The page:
Endangered American Red Wolf Pups Make Their Debut At Reflection Riding

Tuesday, June 1, 2021
Red Wolf pup at Reflection Riding was born April 15
Red Wolf pup at Reflection Riding was born April 15

Reflection Riding announces the birth of two critically-endangered red wolf pups to parents, Apollo and Ruby, on April 15. These pups represent hope and excitement for the entire red wolf population, and they are being cared for here in Chattanooga at Reflection Riding Arboretum and Nature Center, where they were born, said officials.

This news is exciting, as fewer than 250 American red wolves exist today, with very few in the wild.

The two pups made their public debut, albeit brief, on Tuesday morning at Reflection Riding. The window for these red wolf pups to be introduced publicly is very limited, though more opportunities will be available as they grow up and become stronger over time.

As a longtime member of the Red Wolf Species Survival Plan, Reflection Riding exhibits, houses and breeds American red wolves and has done so for many years. This is the fifth litter born at Reflection Riding and the second litter for these parents. Ruby, the mother, was born at Reflection Riding on April 15, 2016, and Apollo, the father, arrived at Reflection Riding in January 2019 from Zoo Tampa. 

The American red wolf is the most critically-endangered canid in the world, with less than 20 living in the wild at a single release site in northeastern North Carolina. This is the only wild site where red wolves can be found. There are 250 red wolves under managed human care at 43 facilities in the United States. Reflection Riding has been a very active member of the Red Wolf Species Survival Plan since 1996 and has had a staff member sitting on multiple committees since that time.

American red wolves are a critically-endangered wolf native to the Southeastern United States. Once numbering in the hundreds of thousands, extermination programs and habitat loss led to a dramatic decline and near extinction of the species. Scientists learned later how important those keystone species were in keeping an entire ecosystem healthy. In the late 1970s, the last remaining wild American red wolves were captured in an effort to save them. These 14 remaining American red wolves were brought into managed care, starting the breeding and recovery program now known as the Red Wolf Species Survival Plan.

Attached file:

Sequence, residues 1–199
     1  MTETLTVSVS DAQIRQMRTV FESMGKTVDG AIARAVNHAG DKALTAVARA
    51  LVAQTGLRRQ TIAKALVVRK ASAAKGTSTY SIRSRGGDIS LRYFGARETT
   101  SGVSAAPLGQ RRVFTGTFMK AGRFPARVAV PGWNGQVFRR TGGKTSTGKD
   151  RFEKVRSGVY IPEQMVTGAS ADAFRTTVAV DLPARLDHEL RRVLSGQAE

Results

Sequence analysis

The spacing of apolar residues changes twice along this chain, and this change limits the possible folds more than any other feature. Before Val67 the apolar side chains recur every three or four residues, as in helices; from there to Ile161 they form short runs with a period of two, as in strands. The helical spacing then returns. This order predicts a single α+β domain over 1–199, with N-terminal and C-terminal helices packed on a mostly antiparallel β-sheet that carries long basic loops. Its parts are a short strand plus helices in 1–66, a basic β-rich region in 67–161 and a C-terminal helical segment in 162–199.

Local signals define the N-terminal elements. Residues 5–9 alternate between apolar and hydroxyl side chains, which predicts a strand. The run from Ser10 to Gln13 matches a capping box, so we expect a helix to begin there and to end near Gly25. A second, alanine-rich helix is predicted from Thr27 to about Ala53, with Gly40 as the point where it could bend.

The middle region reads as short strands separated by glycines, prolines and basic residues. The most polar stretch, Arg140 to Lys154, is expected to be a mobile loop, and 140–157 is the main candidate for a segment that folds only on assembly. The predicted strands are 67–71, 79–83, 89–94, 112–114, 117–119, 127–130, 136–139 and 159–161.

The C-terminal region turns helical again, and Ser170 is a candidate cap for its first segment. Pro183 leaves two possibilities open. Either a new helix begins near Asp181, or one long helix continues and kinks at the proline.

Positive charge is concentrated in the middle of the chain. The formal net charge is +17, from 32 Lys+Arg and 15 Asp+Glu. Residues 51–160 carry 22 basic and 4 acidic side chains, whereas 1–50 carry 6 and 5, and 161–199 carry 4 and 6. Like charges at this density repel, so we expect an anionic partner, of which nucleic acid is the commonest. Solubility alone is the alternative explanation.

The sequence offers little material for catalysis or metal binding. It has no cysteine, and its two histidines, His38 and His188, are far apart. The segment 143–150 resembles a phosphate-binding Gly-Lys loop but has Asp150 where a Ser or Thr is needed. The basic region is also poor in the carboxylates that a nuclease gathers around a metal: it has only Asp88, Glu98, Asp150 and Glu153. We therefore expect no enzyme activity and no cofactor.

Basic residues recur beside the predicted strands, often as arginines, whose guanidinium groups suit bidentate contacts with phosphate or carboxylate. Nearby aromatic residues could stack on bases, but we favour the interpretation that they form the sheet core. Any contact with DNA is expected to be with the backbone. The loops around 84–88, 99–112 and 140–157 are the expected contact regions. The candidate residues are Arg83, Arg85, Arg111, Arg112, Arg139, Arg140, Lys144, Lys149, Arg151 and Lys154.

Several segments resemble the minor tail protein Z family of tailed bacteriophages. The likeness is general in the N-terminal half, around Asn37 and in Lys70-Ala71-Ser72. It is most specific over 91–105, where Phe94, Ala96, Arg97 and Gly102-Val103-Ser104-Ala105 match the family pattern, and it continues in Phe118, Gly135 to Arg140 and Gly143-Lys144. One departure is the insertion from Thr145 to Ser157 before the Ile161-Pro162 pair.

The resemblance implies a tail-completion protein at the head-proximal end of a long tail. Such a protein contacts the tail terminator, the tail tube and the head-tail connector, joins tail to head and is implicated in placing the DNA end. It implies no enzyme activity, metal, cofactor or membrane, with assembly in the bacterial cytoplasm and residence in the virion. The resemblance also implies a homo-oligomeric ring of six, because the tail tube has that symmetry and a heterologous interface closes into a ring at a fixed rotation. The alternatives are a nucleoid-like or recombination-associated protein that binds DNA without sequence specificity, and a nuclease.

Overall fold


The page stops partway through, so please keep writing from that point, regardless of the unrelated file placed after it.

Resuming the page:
In 1987, four American red wolves were released into the wild in North Carolina, marking the first time a canid considered extinct in the wild was ever re-established in its natal territory. That population has continued to face major challenges, but with the help of US Fish and Wildlife Service and the SSP, efforts continue to bolster this population.

After years of increased population numbers, a decline in population began to occur in the mid first decade of the 21st century, particularly during hunting season. Red wolves were mistaken for coyotes by hunters. Today, the wild red wolf population stands at less than 20, and the population under human care hovers around 250, with the aggressive goal of increasing it to 550. Recently, four adult red wolves were released into the North Carolina recovery area and four pups were cross fostered to a wild litter to bolster the population numbers. The recovery of the red wolf is tenuous, but with the determined efforts of the US Fish and Wildlife Service and the Red Wolf Species Survival Plan, the red wolf has strong allies.

Learn more about Reflection Riding’s American red wolf pack here. You can learn more
about the Red Wolf SSP here.


Red Wolf pups at Reflection Riding were born April 15
Red Wolf pups at Reflection Riding were born April 15

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